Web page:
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Question tags

Do you know how to use question tags like is he and didn't you?

Look at these examples to see how question tags are used.

You haven't seen this film, have you?
Your sister lives in Spain, doesn't she?
He can't drive, can he?

Try this exercise to test your grammar.

Grammar test 1

Question tags: Grammar test 1

Read the explanation to learn more.

Grammar explanation

We can add question tags like isn't it?, can you? or didn't they? to a statement to make it into a question. Question tags are more common in speaking than writing.

We often use question tags when we expect the listener to agree with our statement. In this case, when the statement is positive, we use a negative question tag.

She's a doctor, isn't she?
Yesterday was so much fun, wasn't it?

If the statement is negative, we use a positive question tag. 

He isn't here, is he?
The trains are never on time, are they?
Nobody has called for me, have they?

If we are sure or almost sure that the listener will confirm that our statement is correct, we say the question tag with a falling intonation. If we are a bit less sure, we say the question tag with a rising intonation.


If there is an auxiliary verb in the statement, we use it to form the question tag.

I don't need to finish this today, do I?
James is working on that, isn't he?
Your parents have retired, haven't they?
The phone didn't ring, did it?
It was raining that day, wasn't it?
Your mum hadn't met him before, had she?

Sometimes there is no auxiliary verb already in the statement. For example, when:

... the verb in the statement is present simple or past simple and is positive. Here we use don't, doesn't or didn't:

Jenni eats cheese, doesn't she?
I said that already, didn't I? 

... the verb in the statement is to be in the present simple or past simple. In this case we use to be to make the question tag:

The bus stop's over there, isn't it?
None of those customers were happy, were they?

... the verb in the statement is a modal verb. Here we use the modal verb to make the question tag:

They could hear me, couldn't they?
You won't tell anyone, will you?

If the main verb or auxiliary verb in the statement is am, the positive question tag is am I? but the negative question tag is usually aren't I?:

I'm never on time, am I?
I'm going to get an email with the details, aren't I?

Do this exercise to test your grammar again.

Grammar test 2

Question tags: Grammar test 2

Language level

Intermediate: B1
Upper intermediate: B2


Please can you tell me which of the following is correct and why.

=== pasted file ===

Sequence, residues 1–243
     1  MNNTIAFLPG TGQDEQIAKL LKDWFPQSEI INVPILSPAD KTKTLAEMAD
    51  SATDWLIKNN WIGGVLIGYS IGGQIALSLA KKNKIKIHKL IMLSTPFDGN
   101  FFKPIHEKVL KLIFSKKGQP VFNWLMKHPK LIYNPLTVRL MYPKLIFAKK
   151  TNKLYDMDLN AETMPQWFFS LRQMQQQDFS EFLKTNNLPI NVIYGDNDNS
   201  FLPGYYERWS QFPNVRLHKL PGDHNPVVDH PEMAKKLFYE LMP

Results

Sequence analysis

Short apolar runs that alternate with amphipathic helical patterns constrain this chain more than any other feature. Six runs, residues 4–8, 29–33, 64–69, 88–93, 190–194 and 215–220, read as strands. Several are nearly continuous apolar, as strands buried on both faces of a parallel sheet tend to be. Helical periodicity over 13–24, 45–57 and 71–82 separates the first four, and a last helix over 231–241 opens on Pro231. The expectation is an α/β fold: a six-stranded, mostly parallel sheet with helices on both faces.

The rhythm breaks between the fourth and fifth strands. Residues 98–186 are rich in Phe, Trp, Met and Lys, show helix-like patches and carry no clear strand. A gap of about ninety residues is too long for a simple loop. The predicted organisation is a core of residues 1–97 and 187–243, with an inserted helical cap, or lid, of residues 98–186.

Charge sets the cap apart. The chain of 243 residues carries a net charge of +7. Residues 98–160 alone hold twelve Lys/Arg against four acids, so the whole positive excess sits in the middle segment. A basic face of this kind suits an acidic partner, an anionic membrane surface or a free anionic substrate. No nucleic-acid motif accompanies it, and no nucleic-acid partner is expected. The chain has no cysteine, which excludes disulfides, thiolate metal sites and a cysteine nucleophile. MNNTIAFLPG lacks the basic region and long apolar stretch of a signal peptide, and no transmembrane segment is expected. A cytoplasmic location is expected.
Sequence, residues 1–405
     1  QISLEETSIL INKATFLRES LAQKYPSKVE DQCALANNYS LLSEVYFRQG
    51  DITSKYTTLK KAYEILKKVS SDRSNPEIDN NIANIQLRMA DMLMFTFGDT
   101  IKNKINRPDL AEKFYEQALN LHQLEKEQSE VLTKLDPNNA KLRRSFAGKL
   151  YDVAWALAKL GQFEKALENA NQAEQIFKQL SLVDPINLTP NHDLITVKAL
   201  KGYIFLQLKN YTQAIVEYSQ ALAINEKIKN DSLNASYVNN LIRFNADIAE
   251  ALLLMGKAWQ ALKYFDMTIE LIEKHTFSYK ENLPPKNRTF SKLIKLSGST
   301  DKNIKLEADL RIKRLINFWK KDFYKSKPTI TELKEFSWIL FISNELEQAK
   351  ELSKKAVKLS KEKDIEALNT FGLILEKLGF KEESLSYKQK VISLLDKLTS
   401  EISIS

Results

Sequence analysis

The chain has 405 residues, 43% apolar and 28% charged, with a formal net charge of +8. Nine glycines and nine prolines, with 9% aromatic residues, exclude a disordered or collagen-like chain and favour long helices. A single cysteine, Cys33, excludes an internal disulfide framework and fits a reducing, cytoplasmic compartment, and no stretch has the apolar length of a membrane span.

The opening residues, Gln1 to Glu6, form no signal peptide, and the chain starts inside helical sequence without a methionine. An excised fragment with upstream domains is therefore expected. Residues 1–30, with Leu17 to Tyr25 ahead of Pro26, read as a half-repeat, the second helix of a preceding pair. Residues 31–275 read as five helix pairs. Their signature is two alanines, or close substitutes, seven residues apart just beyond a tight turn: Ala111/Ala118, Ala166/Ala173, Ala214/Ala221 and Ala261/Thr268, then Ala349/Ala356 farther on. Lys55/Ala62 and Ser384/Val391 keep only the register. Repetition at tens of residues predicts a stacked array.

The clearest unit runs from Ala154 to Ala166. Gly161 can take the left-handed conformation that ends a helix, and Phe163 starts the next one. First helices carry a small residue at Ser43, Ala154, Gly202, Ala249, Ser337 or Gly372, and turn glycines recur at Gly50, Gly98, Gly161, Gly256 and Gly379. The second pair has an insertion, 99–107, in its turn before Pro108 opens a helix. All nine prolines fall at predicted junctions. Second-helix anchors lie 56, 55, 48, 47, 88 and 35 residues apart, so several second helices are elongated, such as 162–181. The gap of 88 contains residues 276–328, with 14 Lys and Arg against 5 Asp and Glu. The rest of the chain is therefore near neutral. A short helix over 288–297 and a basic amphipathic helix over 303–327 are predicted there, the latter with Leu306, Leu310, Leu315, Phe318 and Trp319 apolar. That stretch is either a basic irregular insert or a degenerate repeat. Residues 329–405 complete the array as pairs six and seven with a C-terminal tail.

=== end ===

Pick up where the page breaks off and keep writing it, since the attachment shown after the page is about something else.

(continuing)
- Tom, you could lend me your bike, couldn't you?
- Tom, you couldn't lend me your bike, could you?

I teach English, but am having a dispute with a fellow teacher over this.

We wouldn't say, "Tom, you could lend me your bike, couldn't you?"

But, "Tom, you couldn't lend me your bike, could you?" . . . is a very polite and gentle way to ask a favour.

I know it sounds crazy, to start a request with "You couldn't" . . . but it's just the way we say it.

It's almost as if we are expecting our request to be refused. And then at the end, we make a desperate plea with, "could you ?"

A very frequent request is, "Hey Tom, you couldn't lend me a fiver, could you?
I'll pay you back tomorrow"

Hello LaurenceMartin,

As I said in my earlier reply, the version with ' couldn't...' is certainly the more common way to make a polite request. However, the other version is not incorrect and is possible in certain contexts, particularly when you are trying to convince someone to do something or want to exert pressure on them to comply.



The LearnEnglish Team

Hello EnglishTeacher1,

Both are possible, grammatically speaking. However, the second is the more common way to make a polite request.

If you have a particular context in mind then we can comment on that, of course.



The LearnEnglish Team

Good morning!
Would the intonation be up for both? Or up for ine and down for the other and which way, if this is the case?
Thank you so much for your help in this matter.

Hello again Englishteacher1,

Obviously, intonation is highly dependent on context and the speaker's intention and expectations. That said, I would expect the following:

Sentence 1 (...couldn't you?) - the question is probably rhetorical and the speaker is sure that the answers is yes; the inonation would likely be falling on the tag.

Sentence 2 (...could you?) - the question is probably a real request for information and the speaker is unsure of the answer (though hopeful it will be 'yes'); the inonation would likely be rising on the tag.



The LearnEnglish Team

I am dubious about the following structure:
#He is a good football player, is not he?
I've only come across it in shakespeare's writings, but not in modern English. Is it better to say:
#He is a rock player, is he not?
If the first example is incorrect, could You please explain why?
Thank you in advance.

Hello Drew Gun,

In modern English the tag question is almost always contracted: isn't he?

In the uncontracted form it would be is he not?

There is no tag question form is not he?


It's been a while since I studied Shakespeare, but I don't recall the form occurring in his writings as a tag question. Do you have a line you could quote in which it appears?



The LearnEnglish Team

Hello M. Peter
I didn't actually saw question tags there, but the that pattern did appear there, although I don't remember where too. I have looked up for that structure and at forums it's said to be archaic and not used anymore.

Did you forget your umbrella,didn't you?
Didn't you forget your umbrella,did you?
What is difference between these?